Top holes center to center: 16mm (vendor website says 12mm in on place and 16mm in another).


Physical specs for the lidar are:



Posted in Home Made Lidar, The after market on January 3, 2018 by asteriondaedalus

So, mislaid the cable from my Benewake TFmini Micro Lidar.   What on earth is this socket type please?  Anyone?


I pinged 3XDR, from where I got the gadget, for a hint as to the connector type. He is kindly sending me one!  Otherwise, it’s a JST-GH 4-pin.  Used in pixhawk.


All good.  New cable on hand. I have the gimbal board too, and a 4 core slip ring, so just waiting on the gimbal motor (with the large bore).  To give a keyed position I have a line sensor so I will add a reflective line to the gimbal motor spindel.

Stuck again

Posted in The downside of Opensource, The Downside of software development on December 18, 2017 by asteriondaedalus

So, I have my iPEGA bluetooth gamepad and I am wanting it to run from my dopey Android phone that I am using as the mediator for the rover.

Nothing useful for using these gamepads in Processing for Android so that appears to be out.

No heart or interest to write something in Java.

Python?  Well pygame for Android seems a dud, a lot of old blog entries but nothing obviously working anymore.

I noted that they sorted some of the flakiness of Kivy and so I re-installed Kivy on my PC with the view of prototyping on Windoze then bombing on Android.

Go figure I can get the pyGame gamepad exerciser working on PC.  I tried the same for the raw Kivy version.   I works!  Well as long as you don’t allow your gamepad to go to sleep.  If you do, Kivy drops it.  And, if you leave it disconnected long enough, the Kivy application closes down quietly.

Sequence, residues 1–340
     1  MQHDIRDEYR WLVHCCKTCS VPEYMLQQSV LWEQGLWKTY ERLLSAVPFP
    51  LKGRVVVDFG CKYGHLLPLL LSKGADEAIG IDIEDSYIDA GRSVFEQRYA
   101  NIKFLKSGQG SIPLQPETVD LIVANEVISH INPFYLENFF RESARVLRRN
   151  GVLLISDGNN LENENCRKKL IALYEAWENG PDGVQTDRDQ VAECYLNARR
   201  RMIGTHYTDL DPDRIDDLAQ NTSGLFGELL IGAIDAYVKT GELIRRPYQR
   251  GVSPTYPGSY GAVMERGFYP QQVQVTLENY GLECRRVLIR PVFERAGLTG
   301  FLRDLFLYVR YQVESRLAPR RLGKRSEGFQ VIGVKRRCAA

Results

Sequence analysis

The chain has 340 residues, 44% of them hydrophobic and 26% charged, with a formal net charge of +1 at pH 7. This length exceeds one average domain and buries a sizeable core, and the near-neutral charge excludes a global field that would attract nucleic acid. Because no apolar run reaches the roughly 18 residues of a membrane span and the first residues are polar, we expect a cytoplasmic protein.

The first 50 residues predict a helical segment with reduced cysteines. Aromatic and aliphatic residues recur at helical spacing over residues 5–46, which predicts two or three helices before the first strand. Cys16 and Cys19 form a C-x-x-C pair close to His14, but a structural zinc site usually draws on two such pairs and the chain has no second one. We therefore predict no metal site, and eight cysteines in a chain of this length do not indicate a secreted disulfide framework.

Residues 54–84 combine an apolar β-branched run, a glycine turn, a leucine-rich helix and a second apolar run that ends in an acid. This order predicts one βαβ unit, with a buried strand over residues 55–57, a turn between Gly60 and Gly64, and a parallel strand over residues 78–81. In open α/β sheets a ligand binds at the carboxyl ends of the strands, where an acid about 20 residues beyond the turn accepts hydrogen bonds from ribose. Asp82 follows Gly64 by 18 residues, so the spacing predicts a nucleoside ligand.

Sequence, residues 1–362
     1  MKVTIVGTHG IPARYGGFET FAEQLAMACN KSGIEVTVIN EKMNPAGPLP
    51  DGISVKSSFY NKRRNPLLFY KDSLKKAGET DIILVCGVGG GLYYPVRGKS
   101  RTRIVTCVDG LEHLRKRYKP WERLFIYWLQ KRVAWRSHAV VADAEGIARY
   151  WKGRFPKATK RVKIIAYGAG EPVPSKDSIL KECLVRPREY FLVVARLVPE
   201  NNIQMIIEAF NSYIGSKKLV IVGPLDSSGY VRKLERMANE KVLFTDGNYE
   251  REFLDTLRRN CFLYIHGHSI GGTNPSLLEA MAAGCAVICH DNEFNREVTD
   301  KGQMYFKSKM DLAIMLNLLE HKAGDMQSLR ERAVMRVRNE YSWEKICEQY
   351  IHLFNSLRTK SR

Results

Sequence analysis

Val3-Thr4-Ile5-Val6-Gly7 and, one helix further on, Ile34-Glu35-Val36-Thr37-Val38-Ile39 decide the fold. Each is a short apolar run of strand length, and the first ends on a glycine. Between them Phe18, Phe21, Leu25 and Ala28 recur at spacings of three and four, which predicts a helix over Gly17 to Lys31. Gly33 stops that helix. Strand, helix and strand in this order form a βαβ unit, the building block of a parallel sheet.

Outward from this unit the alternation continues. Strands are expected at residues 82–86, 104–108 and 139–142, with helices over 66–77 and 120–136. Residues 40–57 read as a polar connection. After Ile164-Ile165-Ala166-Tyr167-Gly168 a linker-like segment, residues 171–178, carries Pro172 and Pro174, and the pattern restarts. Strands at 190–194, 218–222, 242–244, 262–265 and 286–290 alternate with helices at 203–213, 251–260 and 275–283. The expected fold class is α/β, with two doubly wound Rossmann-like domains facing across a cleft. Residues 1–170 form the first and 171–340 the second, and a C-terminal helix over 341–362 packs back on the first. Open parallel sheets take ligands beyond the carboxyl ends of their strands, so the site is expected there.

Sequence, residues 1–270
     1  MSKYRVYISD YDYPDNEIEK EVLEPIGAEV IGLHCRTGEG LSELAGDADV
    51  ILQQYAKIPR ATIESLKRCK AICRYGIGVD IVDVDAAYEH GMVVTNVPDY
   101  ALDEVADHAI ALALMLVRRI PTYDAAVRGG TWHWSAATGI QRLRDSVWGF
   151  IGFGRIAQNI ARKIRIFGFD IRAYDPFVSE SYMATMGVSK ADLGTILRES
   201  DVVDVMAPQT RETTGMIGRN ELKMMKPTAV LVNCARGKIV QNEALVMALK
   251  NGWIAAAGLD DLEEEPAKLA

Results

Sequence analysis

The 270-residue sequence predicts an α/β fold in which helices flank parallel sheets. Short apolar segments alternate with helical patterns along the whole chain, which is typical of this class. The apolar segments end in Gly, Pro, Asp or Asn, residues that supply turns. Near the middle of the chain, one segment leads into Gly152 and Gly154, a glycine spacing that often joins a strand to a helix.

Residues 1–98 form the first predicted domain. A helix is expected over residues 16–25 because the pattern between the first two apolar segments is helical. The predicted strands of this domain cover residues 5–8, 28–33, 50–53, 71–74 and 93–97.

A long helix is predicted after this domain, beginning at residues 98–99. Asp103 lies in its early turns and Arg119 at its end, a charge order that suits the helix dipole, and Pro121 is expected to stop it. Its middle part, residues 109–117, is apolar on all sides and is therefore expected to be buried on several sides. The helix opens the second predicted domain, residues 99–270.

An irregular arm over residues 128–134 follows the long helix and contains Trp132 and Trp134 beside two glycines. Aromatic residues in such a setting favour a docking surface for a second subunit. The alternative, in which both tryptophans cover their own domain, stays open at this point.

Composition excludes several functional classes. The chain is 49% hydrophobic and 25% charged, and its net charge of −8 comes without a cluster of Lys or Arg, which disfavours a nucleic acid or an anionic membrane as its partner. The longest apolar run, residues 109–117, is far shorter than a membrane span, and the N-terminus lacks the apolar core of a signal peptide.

Posted a question on Kivy.org and an issue on github but no responses at all from anyone.

It is not obvious from the Kivy code why it drops the gamepad.  There is otherwise no hints in any of the examples or any of the documentation.

In the pygame version, the gamepad can go to sleep and when it wakes it is auto-connected again.

So, stuck as I still have to see if I can get the old pygame for android to work with the gamepad.  I would have used Kivy but help is a dead end.


Cheap lidar

Posted in Home Made Lidar, Sensing on December 9, 2017 by asteriondaedalus

So my Benewake TF Mini LiDAR turned up.


Now for the fun.

It has to rotate in a circle to create a scan.

I had an idea to mount either of a Seeeduino Film or an ESP8266, with battery, on a spindle to wirelessly send readings – all while it is spinning.

Then BOOM!

You can get “hollow” spindle gimbal motors with slip rings!  So, again a

So, you can attach the TF Mini to the spinning part of the gimbal motor and drive the motor and take readings.